Since you are reading this on the web and presumably have an interest in craft you are part of an online craft community which did not exist 20 years ago. At the same time many of us are also part of other craft communities whether local, regional or national with a particular craft theme. I am quite involved with the Association of pole lathe turners and greenwoodworkers who have a good online forum here but also an annual meeting where we all get together to exchange skills and ideas.
We are live in exciting times as we can exchange and source information freely across the web, how does this change our craft practice and how does it compare to past practices of passing skills? Is it possible to feel connected to other folk we have never met who live in other continents and what sort of meaning does that bring to our lives? How do we make the best use of changes that are happening and new opportunities available to us?
Speakers at the conference will include Professor Richard Sennett, talking about "Making and thinking". Richard is author of the well-received book The Craftsman, and professor of sociology at New York University and LSE. He popularised the idea that it takes 10,000 hours to master a craft skill, he also talks from personal experience of hand skills having put those hours in training as a cellist.
Lida Kindersley runs the highly successful Cardozo Kindersley Workshop in Cambridge. Lida was trained by David Kindersley who was himself trained by Eric Gill. She wrote a nice book on apprenticeship Her workshop practices solidly "old school" with apprentices learning letter-cutting alongside the team of experienced craftspeople.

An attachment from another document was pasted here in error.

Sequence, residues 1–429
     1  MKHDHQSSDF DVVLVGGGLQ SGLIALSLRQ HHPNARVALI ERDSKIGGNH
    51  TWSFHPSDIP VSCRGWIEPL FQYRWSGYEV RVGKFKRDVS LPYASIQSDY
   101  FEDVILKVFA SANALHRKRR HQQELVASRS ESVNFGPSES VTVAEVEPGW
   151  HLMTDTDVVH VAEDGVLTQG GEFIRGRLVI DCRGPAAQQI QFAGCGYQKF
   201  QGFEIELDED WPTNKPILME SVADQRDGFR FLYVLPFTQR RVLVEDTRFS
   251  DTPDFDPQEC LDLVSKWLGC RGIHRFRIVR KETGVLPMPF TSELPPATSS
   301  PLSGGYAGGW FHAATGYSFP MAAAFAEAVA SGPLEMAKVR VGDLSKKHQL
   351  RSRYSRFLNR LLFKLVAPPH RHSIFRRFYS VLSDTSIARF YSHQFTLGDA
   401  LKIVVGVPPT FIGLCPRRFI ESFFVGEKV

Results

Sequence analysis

Ele Carpenter is a curator, artist and researcher working within the field of visual arts and new media. She will talk about the open source embroidered digital commons
Stuart Mitchell's apprenticeship in the Sheffield cutlery industry was very traditional. He started at the bottom and worked all hours until eventually even his father took pride in the knives that he built. His workshop, and indeed work ethic, is still steeped in the traditions of Sheffield of old, but things have changed.
And then I will be talking about how I feel to be part of a global online woodworking community but how I still value physical get togethers and particularly working on craft projects together alongside other people whether sharing my knowledge through courses or learning from others.
Here is the full program, you can book here and this year we are offering an £5 early bird discount to save us having the stress of last minute bookings. It will be a great day, hope you can join us.
- 10.15am - Registration in the Lecture Theatre.
- 10.45am - Conference starts. Welcome from Patricia Lovett, Vice-Chair of the HCA.
- 10.55am - Professor Richard Sennett - 'Making and Thinking'.
- 11.55am - Lida Kindersley, lettercutter in stone - 'Learning by Doing'
- 1.00pm - HCA Annual General Meeting - all welcome.
- 2.30pm - Afternoon session begins. Patricia Lovett.
- 2.35pm - Presentation of Marsh Awards for trainer and volunteer in Heritage Crafts by Alex Langlands
- 3.00pm - Ele Carpenter, 'Open Source Embroidery Project - the embroidered digital commons'
- 3.25pm - Robin Wood, wood turner and Chair of the HCA - 'Bringing Craft out of the Woods'
- 3.50pm - Stuart Mitchell, knifemaker - 'Web Mester'
- 4.15pm - Closing remarks and HCA updates
- 4.30pm - Conference ends